NCHSAA Board of Directors concludes Spring 2020 meeting

The NCHSAA Board of Directors has concluded their work for the Spring 2020 Board of Directors meeting, held last Tuesday and Wednesday via a virtual platform.  

Below are a few highlights of decisions of the board of directors.

• Approved policy mirroring the State Board of Education’s decision to extend the validity of Pre-Participation Examinations (PPE) conducted on or after April 1, 2019. Also acknowledged a State Board of Education decision to allow academic eligibility for any student meeting local promotion standards during the fall semester of 2020-2021;

• Declared co-champions for the State Basketball Championships of 2020. Conferring the honor upon all Regional Champions following the decision to cancel the State Championships in 2020 due to COVID-19;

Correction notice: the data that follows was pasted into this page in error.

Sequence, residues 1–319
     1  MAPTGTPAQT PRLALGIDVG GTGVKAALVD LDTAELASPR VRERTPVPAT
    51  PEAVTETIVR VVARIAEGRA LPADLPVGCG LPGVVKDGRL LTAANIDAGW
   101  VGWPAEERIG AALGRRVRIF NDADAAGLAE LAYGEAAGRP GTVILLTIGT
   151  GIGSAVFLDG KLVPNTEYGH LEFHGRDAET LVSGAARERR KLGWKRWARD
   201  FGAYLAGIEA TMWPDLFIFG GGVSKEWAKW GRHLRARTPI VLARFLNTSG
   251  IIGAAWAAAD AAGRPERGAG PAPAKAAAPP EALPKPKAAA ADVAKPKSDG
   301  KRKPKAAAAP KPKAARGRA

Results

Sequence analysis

• Approved an adjusted contact definition and new contact limitations football which was developed in partnership between the NC Football Coaches Association and the NCHSAA Sports Medicine Advisory Committee;

• Approved adjustments to the soccer playoff calendar (now a Monday, Thursday format for early rounds) and an adjustment to allow regular season contests to end as a tie in men’s and women’s soccer following two ten-minute overtime periods;

• Approved changing the number of qualifiers in Swimming from each region from the top eight to the top six in order to maintain the total of 24 state qualifiers, the remaining six qualifiers will be the top six times from any region;

• Approved the distribution of grant funds in excess of $120,000 to member schools requesting and awarded through the inaugural NCHSAA Grant Program.